“Crooked Sidewalks” is a picture God gave me a year or so ago that I’m just now starting to put together and understand. We live in the city, and because of that our daughter Avery will grow up in the city. I am not unaware of what this means and could mean to Avery. Life could be hard and not always fair. The education isn’t as great, the violence is close to our house, and the people have different upbringings and backgrounds that can make it hard to relate to at times. As a wife to Kory, it wasn’t that hard to adjust to life in the city. It was an adventure with little to sacrifice. Now as a momma to Avery, there is more I’ve had to sacrifice. I realize that she may not have all the bells and whistles in her childhood. Sometimes that’s sad to me and other times it’s exciting. Sometimes it’s scary and other times I’m at peace with it. Sometimes I’m nervous and other times I’m refreshed by it.
When Avery started to learn to walk, that’s all she wanted to do. She quickly learned that when she put her shoes on and when I put my shoes on she would get to go outside and walk. She started to bring me my shoes all the time. When I was doing dishes, when I was folding laundry, when I was cooking dinner, here comes Avery with my shoes in hand, setting them down in front of me and pointing at the door. Her first word was “mama” second, “dada” and I think third was “walk.” The good news is there are a lot of places to walk when you live in the city and a lot of sidewalks. The problem is the cement is all broken up, jagged, uneven and crooked. This is problematic when you can walk much less when you are learning to walk. I don’t know how many times I caught my breath and tried to save Avery from falling and scraping knee after knee after knee. Let’s just put it this way, she had scraped up knees quite often. But now…now she sails across those sidewalks easier and swifter than an adult. I trip more than she does. I watch her dominate those jagged edges as if she’s memorized them. “Big step” I’ll shout out to Avery as she is a bit ahead and I can visualize a fall. “Watch, out, Avery.” “Be careful.” I don’t even think she hears me, she confidently marches on as if she were born to walk the crooked sidewalks.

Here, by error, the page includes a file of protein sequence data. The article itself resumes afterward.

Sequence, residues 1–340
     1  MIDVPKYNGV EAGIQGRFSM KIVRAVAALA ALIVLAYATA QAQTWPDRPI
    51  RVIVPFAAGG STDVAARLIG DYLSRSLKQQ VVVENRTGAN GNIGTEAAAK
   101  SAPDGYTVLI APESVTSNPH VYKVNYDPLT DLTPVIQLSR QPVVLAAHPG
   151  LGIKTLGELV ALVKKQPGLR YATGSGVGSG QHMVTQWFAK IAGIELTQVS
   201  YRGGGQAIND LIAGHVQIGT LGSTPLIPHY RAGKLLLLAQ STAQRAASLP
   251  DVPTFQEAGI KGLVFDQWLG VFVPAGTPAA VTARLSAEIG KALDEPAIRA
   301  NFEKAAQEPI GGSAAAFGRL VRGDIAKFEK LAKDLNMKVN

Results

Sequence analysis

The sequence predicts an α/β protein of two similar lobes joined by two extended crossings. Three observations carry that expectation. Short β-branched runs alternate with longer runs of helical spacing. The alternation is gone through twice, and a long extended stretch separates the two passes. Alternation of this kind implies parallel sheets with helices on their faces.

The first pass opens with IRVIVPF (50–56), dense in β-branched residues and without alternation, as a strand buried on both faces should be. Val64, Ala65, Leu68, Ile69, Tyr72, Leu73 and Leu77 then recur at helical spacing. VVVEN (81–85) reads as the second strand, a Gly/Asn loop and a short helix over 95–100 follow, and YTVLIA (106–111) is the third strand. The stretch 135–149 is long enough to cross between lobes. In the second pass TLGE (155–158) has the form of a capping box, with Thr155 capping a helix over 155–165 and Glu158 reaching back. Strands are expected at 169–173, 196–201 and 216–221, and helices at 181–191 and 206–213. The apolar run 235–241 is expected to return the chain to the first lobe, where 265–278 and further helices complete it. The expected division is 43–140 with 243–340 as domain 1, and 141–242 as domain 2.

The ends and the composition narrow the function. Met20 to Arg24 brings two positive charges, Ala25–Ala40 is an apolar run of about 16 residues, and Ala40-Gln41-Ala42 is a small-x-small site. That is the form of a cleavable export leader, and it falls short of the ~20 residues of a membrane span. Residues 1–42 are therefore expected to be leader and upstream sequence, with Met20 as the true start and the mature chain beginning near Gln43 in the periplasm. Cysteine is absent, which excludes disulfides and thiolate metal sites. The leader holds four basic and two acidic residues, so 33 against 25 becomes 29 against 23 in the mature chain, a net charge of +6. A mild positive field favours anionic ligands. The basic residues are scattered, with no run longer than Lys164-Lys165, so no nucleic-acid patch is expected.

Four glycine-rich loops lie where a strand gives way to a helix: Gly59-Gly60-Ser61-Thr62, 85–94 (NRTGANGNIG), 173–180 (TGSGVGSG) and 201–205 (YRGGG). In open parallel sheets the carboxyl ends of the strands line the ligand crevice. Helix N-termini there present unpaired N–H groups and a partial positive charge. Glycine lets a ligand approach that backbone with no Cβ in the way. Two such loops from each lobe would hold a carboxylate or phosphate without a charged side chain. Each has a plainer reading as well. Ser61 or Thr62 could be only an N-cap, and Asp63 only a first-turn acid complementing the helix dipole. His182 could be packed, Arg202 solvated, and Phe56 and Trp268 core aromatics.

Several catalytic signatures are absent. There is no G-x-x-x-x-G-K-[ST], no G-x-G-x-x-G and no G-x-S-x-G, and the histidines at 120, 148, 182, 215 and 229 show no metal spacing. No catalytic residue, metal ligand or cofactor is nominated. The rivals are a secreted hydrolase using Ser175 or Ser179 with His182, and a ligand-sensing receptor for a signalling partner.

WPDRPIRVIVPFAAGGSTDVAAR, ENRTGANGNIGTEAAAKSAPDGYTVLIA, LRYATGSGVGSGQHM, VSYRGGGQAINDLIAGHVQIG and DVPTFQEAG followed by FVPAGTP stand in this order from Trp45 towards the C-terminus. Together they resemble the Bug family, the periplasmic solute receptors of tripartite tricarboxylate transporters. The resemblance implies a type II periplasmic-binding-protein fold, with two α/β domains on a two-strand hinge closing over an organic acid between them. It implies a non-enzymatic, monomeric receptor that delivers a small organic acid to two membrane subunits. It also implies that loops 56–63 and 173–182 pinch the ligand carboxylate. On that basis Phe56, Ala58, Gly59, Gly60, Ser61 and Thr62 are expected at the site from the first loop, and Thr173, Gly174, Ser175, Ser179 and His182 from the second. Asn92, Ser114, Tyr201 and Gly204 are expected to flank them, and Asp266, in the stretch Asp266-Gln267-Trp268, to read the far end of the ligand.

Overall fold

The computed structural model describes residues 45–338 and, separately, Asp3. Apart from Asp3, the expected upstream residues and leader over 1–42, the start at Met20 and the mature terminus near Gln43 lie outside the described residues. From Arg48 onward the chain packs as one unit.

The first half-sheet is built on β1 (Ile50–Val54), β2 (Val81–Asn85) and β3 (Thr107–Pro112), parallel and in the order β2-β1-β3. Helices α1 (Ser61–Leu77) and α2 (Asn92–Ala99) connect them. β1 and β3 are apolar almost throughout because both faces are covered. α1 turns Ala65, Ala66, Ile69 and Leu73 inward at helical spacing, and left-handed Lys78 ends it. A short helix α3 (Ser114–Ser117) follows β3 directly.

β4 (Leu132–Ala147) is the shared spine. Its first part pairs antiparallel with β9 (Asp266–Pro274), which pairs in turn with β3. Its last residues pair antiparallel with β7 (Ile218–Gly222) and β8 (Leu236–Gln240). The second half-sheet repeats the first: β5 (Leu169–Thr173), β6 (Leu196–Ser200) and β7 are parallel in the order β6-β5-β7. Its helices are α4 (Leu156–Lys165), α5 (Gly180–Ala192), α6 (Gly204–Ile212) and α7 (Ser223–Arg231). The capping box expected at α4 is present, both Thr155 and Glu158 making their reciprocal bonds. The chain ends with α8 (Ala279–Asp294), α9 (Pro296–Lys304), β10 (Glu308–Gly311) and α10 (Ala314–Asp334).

And that’s when I realize that she was. She is born to walk the crooked sidewalks. I believe that God knew all along that Avery Lantz would grow up in the city, amidst difficulty and obstacles. Yes, there will be messiness and pain that we will not be sheltered from as a family. There will be conversations at an early age, trying to make sense of things she will see and start to hear. There will be questions we won’t be able to answer, and things we will not be able to keep her safe from. But as I watch her walk the crooked sidewalks, I think she will be just fine. I think she will learn the bumps and understand she has to adjust in order not to fall. I think I will be the one yelling, “Avery, big step.” “Watch out!” “Be careful.” And she may not even need to hear it, because she’s already a step ahead, doing what she was born to do, walk the crooked sidewalks.
Often times, God asks me to walk the crooked sidewalks as well and I drag my feet and complain. Why can’t I have nice smooth, groomed and flat sidewalks? If you gave me those sidewalks, God, I would be able to run for you, not just walk! But he doesn’t let me stay there, he pushes me to keep walking; over every jagged bump, through all the shattered glass. And as I walk these crooked sidewalks day in and day out, I learn to see the beauty in the brokenness, beauty in the uneven ground. I pay attention a little bit more when the path starts to smooth out.
I’m thankful for both of my daughters, Avery and Karis, who have taught me how to walk on the crooked sidewalks.